Dark clouds over Beit Hanoun

Palestinian Red Crescent volunteers and others in the West Bank city of Hebron protest the killing of medical volunteers in Gaza, 5 November 2006. (MaanImages/Mamoun Wazwaz)


An Israeli Apache helicopter swoops towards northern Gaza and drops missiles on Beit Hanoun, leaving a plume of dust and destruction in its wake.

At least 52 Gazans have been killed since the start of Israel’s ‘Operation Autumn Clouds’ in the Gaza Strip. Scores of Palestinians have been injured in this continued offensive, most of them civilians, including approximately 43 women, 30 children, paramedics, and journalists.

On Sunday, Israeli Prime Minister Ehud Olmert refused to say when Israel’s offensive in the Gaza Strip will end, telling his cabinet the operation will continue until Palestinian rocket attacks significantly decrease.

Local radio stations in the Gaza Strip have broadcast around the clock for the fifth successive day in order to keep listeners informed of any breaking news, and playing patriotic songs saluting the resistance fighters and military wings. The resistance groups called their battle against the Israeli army “the battle of the faithful, free fighters.”

While I was driving to Kamal Udwan hospital in Beit Lahiya and listening to a local radio station to get the news update, suddenly the Israeli army succeeded in occupying the airwaves for a few minutes. They played a recorded message warning the residents in the north to stay inside their houses and to keep away from militants and not offer them any assistance or protection.

Zeyad Abdul Dayem, an ambulance driver, said, “We had to wait today for 15 hours until the Israeli army allowed us to evacuate the body of a dead man who was killed by Israeli snipers who were positioned on the rooftops of high buildings belonging to Palestinian residents of Beit Hanoun”.

Mohamed Al-Kafarnah, a 43-year old father of four children in Beit Hanoun, said, “I was not in Beit Hanoun when the Israeli army entered the town”.

I asked how he was keeping in touch with his family. He responded, “I was lucky to talk to them for the last four days by mobile, but an hour ago they said their battery was running out and they don’t have electricity in the whole town, so they won’t be able to charge the mobile. Moreover, they cannot use telephone land lines because the Israeli army destroyed the telephone centrals and wire networks in the area.”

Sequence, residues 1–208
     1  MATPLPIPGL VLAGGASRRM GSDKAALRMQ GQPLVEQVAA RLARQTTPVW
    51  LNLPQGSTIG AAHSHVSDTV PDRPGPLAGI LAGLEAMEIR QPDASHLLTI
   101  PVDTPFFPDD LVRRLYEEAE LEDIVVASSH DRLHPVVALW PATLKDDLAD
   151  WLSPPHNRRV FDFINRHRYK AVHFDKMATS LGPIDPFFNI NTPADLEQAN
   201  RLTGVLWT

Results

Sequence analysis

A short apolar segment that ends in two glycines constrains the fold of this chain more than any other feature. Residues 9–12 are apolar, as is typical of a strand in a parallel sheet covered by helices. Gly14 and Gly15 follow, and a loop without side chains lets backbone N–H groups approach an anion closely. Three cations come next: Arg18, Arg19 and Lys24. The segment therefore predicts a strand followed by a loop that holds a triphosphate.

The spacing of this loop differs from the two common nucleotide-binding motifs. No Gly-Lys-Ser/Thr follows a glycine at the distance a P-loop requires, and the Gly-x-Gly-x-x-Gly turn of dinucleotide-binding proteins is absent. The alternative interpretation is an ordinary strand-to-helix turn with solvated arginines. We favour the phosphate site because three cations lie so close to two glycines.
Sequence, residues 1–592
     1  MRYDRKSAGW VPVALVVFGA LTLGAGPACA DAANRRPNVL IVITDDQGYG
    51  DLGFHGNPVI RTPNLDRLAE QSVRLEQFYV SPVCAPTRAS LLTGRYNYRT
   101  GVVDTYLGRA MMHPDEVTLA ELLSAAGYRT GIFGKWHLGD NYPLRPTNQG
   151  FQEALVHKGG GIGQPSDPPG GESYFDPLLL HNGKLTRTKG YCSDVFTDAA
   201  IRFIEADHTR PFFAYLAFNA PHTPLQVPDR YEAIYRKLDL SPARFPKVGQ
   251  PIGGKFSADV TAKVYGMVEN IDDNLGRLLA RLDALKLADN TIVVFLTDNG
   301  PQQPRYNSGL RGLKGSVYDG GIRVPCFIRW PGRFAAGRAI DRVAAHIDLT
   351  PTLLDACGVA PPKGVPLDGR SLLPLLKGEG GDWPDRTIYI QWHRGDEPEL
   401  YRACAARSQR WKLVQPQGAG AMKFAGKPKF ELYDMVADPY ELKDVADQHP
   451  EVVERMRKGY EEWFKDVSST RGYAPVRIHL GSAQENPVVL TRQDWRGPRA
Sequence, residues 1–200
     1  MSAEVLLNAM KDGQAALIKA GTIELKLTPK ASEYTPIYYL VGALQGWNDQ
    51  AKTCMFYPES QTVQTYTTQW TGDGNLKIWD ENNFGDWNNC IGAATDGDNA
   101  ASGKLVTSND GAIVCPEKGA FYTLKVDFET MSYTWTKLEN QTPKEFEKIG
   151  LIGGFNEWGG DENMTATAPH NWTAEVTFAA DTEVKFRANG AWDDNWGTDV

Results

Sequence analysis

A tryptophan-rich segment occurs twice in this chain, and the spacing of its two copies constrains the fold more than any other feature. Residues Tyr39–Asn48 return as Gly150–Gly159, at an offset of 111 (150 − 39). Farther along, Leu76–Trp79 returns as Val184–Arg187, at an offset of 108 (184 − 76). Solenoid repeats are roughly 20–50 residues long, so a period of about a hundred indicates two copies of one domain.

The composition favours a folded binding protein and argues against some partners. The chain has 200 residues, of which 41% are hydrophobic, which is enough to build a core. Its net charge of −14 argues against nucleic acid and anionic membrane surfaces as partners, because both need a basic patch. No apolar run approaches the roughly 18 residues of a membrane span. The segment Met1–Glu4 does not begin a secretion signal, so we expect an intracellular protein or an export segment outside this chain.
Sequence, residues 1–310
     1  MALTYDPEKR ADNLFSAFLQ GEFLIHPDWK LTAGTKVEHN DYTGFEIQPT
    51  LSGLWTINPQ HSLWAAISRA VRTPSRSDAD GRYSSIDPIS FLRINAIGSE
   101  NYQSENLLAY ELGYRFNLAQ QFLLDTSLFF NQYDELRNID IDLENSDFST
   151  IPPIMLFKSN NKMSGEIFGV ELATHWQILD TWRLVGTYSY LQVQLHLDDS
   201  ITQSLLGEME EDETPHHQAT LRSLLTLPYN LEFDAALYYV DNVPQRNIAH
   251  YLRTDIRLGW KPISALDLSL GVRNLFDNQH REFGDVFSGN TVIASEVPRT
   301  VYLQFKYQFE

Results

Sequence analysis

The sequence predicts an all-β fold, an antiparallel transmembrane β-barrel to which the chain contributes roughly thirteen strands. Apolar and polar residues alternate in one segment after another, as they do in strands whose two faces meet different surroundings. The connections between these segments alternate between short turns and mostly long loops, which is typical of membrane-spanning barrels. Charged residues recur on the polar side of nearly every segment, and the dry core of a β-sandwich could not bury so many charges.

“I’m so worried about them. They don’t have drinking water, food, milk and medicine for the children who are suffering and scared.”

He added: “People are in very critical situation. Some of them throw food to each other through the roof and windows. There are hundreds of Israeli snipers occupying peoples’ houses and they shoot at any moving object; they have even killed animals”.

When I asked him why he was in the hospital, he replied, “The reason why I’m in the hospital is because the body of my dead cousin is still in the morgue. We are waiting for the Israeli army to lift the siege, curfew, and to end their incursion in the town so that we will be able to bury him in the cemetery of Beit Hanoun.”

Munir Abu Oudah, 38, said, “This incursion and offensive is different from the previous one. I think they are going to commit massacres like what they did in Jenin in the West Bank [in 2002]. This time, they destroy houses and carry out mass arrests of men of Beit Hanoun and take them to unknown destinations. They are even surrounding Beit Hanoun hospital, and the unmanned drones - or ‘Zannanah’ as people call them because they make a buzzing sound - don’t stop hovering in the skies above our heads all the time.”

“The Israelis do not allow us to make the call for prayer because they shoot at anyone who moves, including people who are trying to go to the mosque,” says Zaki Kafarna, who won’t allow his seven children to leave the house since his neighbor’s son was killed last week. “The Israelis are everywhere. There are tanks everywhere, cutting up our citrus trees. Our children live in fear and they don’t sleep at night,” he says.

Aysha Gaben, a 45-year old school teacher who lives in Beit Lahiya near Beit Hanoun, said: “We are worried that the Israeli army will expand their incursion and escalate the offensive. I’m going to leave my house by tonight along with my family to stay in our relative’s house in Gaza City.” She added, “I cannot see the Israeli army killing my sons, or taking them prisoners; they do not know mercy, they are punishing all people in the Gaza Strip because of one Israeli soldier, but we have more than 10,000 prisoners behind Israeli bars.”

“Thanks to the American administration who gave them the green light and participated in this incursion by sending American officers to help the Israelis and execute plans to wipe out our town,” she continued, “the Israeli occupation army has made our lives miserable. We prefer death rather than being humiliated and deprived of dignity and freedom. The American administration is always pro-Israel. The UN headed by Kofi Annan does not care about our tragedy. I hope my words reach them and I want to ask them why we, the Palestinians, have to suffer. We expect you to use your role to end the Israeli occupation.

“The whole world should understand that we are conducting a war of independence. We are not terrorists as they portray us in the media … we are the victims of the Israeli occupation. Enough is enough! We are tired of this! Are they not tired? When will they realize that we are humans like them, dreaming to have our rights back and to have an independent state called Palestine?”

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Yousef Alhelou is a freelance Palestinian journalist. He can be contacted on ydamadan@hotmail.com.